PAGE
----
Proclamation3.jpgI spent the rest of the day signing books at the Collector’s Show and the Lucy-Desi Fan reunion, held this year at the Celeron Fire Hall. The venue was appropriate for several reasons (normally, it’s held outside as a picnic): a devoted fan had bought Lucille Ball’s fire hat from the (future) Museum collection many years before, and took this opportunity to return it to the Museum. In addition, an episode of The Lucy Show was screened for the fans, “Lucy’s Barbershop Quartet,” in which the title group, including Vivian Vance and Carole Cook, calling themselves The Four Alarms (they were all volunteer members of the Danfield Fire Department), has to audition for a lead singer when theirs become unavailable. Guess who wants to sing? Well, you don’t have to guess, you were there! “Lucy” (Diane, a dear friend) and “Ricky” (Adrian) joined the fans for while, and the dinner ended with a trivia contest in which every correct answer was rewarded with a Lucy T-shirt or sweatshirt.

That night I was privileged to be one among many who watched a rare showing of the I The BenefitLove Lucy Movie. Long thought lost, the movie was produced in 1953, at the height of I Love Lucy‘s success, and was comprise of three Season One episodes (“The Benefit” — see pic of Lucy and Desi performing, right — “Breaking the Lease,” and “The Ballet”) put together with newly shot connecting footage. The new footage was shot by your longtime pal and director Ed Sedgwick (he directed you in perhaps your best MGM comedy showcase, 1946’s Easy to Wed). It was Sedgwick who suggested making the movie a “show within a show,” framing it around what it would be like to be in the I Love Lucy audience, so that the laughter and applause on a typical Lucy episode wouldn’t seem out of place. The movie opens as the audience files in to see the show, and ends as they leave. Up front, Desi Arnaz is seen warming up the crowd, and introduces his three co-stars. At the end, the actors break character to take a bow. We follow a couple in the audience (Ann Doran and Benny Baker) as they watch the movie.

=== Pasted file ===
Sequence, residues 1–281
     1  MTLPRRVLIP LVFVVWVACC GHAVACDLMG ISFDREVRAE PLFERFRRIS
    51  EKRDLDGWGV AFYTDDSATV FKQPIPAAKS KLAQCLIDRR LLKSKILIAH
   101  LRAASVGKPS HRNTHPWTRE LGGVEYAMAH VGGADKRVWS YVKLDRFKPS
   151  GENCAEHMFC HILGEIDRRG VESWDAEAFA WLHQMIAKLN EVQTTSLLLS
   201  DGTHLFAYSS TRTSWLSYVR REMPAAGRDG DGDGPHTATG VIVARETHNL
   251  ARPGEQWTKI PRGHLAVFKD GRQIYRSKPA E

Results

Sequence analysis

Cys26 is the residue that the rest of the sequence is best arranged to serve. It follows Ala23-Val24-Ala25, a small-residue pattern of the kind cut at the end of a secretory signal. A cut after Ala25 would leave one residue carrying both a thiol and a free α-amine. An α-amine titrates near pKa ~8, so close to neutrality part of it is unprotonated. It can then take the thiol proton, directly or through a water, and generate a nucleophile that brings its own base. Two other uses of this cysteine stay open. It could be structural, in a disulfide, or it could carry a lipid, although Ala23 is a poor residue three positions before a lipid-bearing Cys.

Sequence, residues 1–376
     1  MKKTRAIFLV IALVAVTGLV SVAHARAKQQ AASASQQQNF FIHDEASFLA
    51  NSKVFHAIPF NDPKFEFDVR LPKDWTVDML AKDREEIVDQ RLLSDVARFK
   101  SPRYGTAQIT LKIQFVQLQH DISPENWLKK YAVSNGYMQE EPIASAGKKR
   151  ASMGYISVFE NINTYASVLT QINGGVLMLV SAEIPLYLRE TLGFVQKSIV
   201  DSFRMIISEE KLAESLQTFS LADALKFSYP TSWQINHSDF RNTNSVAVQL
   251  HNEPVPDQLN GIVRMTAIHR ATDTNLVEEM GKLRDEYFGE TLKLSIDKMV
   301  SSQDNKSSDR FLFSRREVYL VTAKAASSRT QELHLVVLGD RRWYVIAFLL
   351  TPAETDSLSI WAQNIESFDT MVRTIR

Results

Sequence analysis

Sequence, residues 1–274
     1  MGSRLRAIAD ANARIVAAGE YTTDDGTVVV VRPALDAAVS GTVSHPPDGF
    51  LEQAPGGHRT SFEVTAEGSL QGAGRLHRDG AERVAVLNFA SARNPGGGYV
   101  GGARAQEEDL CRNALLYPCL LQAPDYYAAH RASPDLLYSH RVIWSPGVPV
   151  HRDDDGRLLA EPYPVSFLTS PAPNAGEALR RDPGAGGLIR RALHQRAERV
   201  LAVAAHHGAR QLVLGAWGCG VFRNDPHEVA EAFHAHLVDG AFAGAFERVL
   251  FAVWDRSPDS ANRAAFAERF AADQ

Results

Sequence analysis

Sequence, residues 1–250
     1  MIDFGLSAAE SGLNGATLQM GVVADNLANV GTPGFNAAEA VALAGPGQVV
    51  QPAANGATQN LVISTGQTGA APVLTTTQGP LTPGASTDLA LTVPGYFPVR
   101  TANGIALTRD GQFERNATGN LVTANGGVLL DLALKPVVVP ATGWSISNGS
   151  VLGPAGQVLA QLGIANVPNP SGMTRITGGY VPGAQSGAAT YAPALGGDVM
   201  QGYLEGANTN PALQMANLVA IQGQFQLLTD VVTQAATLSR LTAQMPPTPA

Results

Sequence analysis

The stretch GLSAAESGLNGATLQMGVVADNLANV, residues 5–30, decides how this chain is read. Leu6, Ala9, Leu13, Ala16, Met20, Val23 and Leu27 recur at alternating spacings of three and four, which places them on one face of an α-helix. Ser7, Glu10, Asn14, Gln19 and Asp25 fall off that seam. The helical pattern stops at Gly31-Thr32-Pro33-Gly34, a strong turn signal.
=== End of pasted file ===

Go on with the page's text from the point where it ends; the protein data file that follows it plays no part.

Dann Cahn, who introduced the movie at the Lucy Fest, remarked that he had searched long and hard (for five years!) to find a print of the movie, which even “insiders” like your original I Love Lucy writers, Bob Carroll and Madelyn Pugh, thought might not have ever existed. Dann finally found the print in a Paramount vault, listed as a Westinghouse Desilu Playhouse production…probably a big reason why it was never found all those years, since no one would have thought to look for it in a Desilu series archive. And the real reason it was lost to begin with, said Cahn, was that “We’d previewed it before an audience in Bakersfield (California) including MGM production chief Dore Schary and producer Pandro Berman. They came to us afterward and noted they [MGM] were releasing The Long, Long Trailer the next Valentine’s Day (1954), and they’d appreciate it if our ‘little I Love Lucy Movie’ wasn’t competing with it.” Desilu graciously withdrew its planned release of the movie, and it was promptly shelved and forgotten…until now. This is only the second time in more than 50 years that the movie has been shown, and it was a true joy to see Lucy, Ricky, Fred and Ethel cavorting on the big screen.